The fascinating return of David Bowie

On Tuesday 8 January,  David Bowie returned with his first new music in a decade;  a single `Where are we now?` released instantly and an album `The Next Day` to follow in March. The comeback was sudden, almost jarring in nature. At 5am that morning, the day of his 66th birthday, the song appeared on iTunes. There was no advance publicity, no rumours in the weeks beforehand, no advertising before or indeed after the fact. The song simply appeared out of nowhere. And what a bittersweet, elegiac song it turned out to be, dripping in lyrical nostalgia and wrapped in the richness of sound that producer Tony Visconti always seems to develop with the singer.  Seemingly effortlessly (though that is always the deception with the best artists) it seems out of time yet of the now. We have been pleasantly surprised, shocked even after all the gossip about Bowie these past ten years but, really, we shouldn’t have been. Bowie has always done what we least expect of him.

He had done a fabulous job of disappearing. Whether consciously or otherwise (and with Bowie you never truly know) his withdrawal from public life was extraordinarily effective. His heart problems in 2004 may have been a catalyst, though he was up and about within days. Perhaps, along with the birth of his daughter a couple of years earlier , it did leave him thinking that he needed a change of pace after working solidly for decades.

The withdrawal though happened so as we didn’t notice. Every once in a while he appeared on stage with artists like The Arcade Fire or David Gilmour. He sometimes turned up for fashion events with his wife Iman. Then in 2006, he made his last live appearance, after which his public sightings were always either as a husband or father accompanying his wife or film making son Duncan Jones. Latterly he stopped making any official appearances at all and was occasionally photographed when spotted in New York. In his absence, rumours swirled amongst fans, especially ones that he was unwell or worse. Last year, it was said that he had abandoned the name that made him famous and was living as David Jones.  Meanwhile for the last two years, he has apparently managed to record an album without ANYONE except those involved knowing.

Naturally the speculation has already begun. There is talk of a backlog of songs recorded in the intervening years. Alternatively some are saying these songs are not `new` as such and were all recorded nine or ten years ago during the `Reality` sessions; Bowie did talk of a “new trilogy” at the time and this was subsequently thought to refer to the material that ended up on the `leaked` album `Toy`.  Also reviews of the new single have commented on its similarity to material from his last two officially released albums. As ever his motives and methods provoke discussion aplenty. Some questions have been answered- the woman whose face appears in the other puppet is apparently the video director’s wife. And Tony Visconti has said the song is atypical of the forthcoming album which of course is probably why Bowie decided to release it!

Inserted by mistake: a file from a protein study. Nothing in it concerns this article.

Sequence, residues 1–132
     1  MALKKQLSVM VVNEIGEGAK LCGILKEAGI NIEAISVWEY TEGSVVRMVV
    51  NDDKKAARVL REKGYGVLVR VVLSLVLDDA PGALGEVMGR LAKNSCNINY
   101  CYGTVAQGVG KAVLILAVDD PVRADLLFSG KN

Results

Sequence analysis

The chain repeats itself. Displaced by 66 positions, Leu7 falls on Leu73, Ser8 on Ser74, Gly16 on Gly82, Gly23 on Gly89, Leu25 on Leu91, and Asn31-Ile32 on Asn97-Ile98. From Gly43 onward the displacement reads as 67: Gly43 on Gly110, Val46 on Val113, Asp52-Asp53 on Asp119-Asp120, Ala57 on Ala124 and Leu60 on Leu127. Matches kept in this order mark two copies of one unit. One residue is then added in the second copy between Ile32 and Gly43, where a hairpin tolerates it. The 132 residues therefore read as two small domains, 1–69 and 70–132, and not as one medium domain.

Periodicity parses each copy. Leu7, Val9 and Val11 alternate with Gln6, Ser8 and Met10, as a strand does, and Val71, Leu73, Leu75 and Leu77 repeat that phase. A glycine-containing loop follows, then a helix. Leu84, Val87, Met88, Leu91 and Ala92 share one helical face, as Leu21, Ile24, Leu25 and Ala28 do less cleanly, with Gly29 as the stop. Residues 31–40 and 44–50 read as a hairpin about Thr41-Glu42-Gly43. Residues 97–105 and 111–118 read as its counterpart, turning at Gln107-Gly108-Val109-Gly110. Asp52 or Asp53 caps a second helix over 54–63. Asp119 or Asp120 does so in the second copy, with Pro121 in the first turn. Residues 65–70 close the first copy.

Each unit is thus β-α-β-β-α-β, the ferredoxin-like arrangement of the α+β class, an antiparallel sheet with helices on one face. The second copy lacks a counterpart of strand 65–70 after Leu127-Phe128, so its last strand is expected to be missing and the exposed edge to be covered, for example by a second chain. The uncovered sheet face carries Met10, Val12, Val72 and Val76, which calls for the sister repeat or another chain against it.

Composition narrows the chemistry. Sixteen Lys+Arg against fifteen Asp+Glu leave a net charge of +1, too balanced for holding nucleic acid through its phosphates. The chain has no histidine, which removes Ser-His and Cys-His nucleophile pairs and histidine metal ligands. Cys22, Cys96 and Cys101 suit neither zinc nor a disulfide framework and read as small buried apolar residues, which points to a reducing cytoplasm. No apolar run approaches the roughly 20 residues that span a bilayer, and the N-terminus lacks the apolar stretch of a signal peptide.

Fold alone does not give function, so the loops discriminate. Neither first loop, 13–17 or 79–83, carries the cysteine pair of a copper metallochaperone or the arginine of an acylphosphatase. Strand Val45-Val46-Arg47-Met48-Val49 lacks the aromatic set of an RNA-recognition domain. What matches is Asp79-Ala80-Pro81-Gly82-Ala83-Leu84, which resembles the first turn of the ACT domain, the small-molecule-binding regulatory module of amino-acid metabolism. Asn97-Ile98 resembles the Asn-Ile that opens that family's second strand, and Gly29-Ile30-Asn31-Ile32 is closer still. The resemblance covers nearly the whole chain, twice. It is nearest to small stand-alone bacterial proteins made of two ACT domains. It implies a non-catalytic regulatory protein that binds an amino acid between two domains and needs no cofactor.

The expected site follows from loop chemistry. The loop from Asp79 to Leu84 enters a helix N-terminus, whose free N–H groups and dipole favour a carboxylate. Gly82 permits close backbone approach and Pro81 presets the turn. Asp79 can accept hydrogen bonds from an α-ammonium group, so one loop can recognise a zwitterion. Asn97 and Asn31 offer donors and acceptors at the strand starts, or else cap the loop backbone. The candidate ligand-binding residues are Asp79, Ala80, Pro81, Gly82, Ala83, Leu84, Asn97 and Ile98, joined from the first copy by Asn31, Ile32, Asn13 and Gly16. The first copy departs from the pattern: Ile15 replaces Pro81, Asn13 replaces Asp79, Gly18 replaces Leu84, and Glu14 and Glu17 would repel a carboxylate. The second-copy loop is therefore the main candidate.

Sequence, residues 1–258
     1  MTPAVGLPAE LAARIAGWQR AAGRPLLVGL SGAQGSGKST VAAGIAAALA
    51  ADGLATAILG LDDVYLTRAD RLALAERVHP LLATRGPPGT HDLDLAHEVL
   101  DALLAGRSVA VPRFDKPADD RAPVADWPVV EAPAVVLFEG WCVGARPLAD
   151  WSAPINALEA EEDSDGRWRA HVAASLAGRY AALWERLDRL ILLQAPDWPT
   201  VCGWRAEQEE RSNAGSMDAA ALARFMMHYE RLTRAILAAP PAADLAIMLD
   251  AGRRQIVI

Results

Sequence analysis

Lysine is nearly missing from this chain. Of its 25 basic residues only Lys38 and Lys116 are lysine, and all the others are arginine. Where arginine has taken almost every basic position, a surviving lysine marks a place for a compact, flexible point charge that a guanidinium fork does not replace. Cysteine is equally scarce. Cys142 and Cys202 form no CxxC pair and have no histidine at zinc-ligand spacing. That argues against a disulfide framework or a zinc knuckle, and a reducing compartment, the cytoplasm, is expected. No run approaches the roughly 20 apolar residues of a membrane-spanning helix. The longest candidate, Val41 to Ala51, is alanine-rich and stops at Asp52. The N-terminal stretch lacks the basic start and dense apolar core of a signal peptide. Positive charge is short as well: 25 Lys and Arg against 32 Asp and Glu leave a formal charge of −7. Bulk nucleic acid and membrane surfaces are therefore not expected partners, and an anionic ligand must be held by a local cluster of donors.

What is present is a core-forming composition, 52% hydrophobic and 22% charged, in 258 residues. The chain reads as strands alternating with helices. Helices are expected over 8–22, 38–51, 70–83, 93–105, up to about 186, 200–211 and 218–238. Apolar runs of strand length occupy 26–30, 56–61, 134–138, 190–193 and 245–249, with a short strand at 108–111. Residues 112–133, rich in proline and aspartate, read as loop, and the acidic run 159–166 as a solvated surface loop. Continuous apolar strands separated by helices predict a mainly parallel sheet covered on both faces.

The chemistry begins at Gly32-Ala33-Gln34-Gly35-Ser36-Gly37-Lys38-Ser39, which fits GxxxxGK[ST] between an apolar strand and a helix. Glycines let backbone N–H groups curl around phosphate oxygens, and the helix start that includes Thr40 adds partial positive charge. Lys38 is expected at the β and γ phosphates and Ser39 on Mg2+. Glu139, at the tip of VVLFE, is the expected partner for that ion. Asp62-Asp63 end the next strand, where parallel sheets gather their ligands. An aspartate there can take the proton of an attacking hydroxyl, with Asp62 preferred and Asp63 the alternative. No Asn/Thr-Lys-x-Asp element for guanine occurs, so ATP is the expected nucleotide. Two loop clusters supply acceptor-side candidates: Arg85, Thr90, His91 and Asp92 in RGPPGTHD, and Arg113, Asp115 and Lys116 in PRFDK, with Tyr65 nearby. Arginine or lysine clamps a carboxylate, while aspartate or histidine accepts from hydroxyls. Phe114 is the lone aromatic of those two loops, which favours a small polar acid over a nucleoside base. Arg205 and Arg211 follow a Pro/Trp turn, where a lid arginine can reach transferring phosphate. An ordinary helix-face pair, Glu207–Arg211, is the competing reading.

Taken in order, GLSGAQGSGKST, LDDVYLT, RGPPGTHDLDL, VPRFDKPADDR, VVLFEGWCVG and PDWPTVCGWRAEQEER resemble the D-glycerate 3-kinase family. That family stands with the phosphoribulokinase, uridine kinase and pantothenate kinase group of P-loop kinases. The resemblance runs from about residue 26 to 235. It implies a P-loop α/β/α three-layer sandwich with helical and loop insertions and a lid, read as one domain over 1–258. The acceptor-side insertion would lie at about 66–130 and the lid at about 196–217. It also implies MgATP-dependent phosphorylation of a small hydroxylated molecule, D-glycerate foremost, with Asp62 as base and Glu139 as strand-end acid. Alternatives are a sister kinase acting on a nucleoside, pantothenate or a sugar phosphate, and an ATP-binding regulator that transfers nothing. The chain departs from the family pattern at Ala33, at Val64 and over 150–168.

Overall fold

It is remarkable in an age where anyone even mildly famous cannot do anything out of the ordinary (or even ordinary) without being papped or Tweeted or something. Someone as famous as Bowie surely cannot make a whole album in these times when we are constantly told privacy is `old fashioned`. Except of course he has done exactly that.

He has always been like this of course. In 1989 he announced he’d formed a group called Tin Machine and was abandoning his solo career. In 1973 he retired Ziggy Stardust and the music that had brought him to fame. Or there’s the astounding series of musical left turns that took him from `Diamond Dogs` to `Young Americans` to `Low`. There’s his 1983 rebirth as a commercially minded artist with `Let’s Dance`. How he arrived at his 50th birthday with a hard as nails drum n bass influenced album and that iconic Union Jack coat. And so on.  This twisting and turning, changing of images, musical styles and career approach, his obfuscation and trickery has kept him interesting, vital, and fascinating.

What is even more intriguing about his disappearance in the age of communication and social media is that he did all that long ago. In the late 90s and early 2000s Bowie was more active online and blogs than most people and certainly most stars. Just as he tried a spell being a global megastar in the 1980s, so he spent several years being accessible in a way that we now take for granted but which was still unusual for the time. Many scoffed at his constant enthusiasm for the Internet but the moment everyone joined in, he stepped back, invested in his back catalogue with the famous `Bowie Bonds` and made millions when that sort of thing still worked.

Some people seem able to gauge the temperature of their sphere of interest and know what to do and when to do it. Alex Ferguson for example knows exactly when to offload a star player even though people always say the team cannot survive without them because he already knows who to buy next. Richard Branson knows when to buy and when to sell a business as his disposal of record shops and acquisition of an airline show. David Bowie knows when to change tack, when to be daring, when to be nostalgic (look at his Glastonbury 2000 appearance) and sometimes when to do nothing. And it’s great to have him back!


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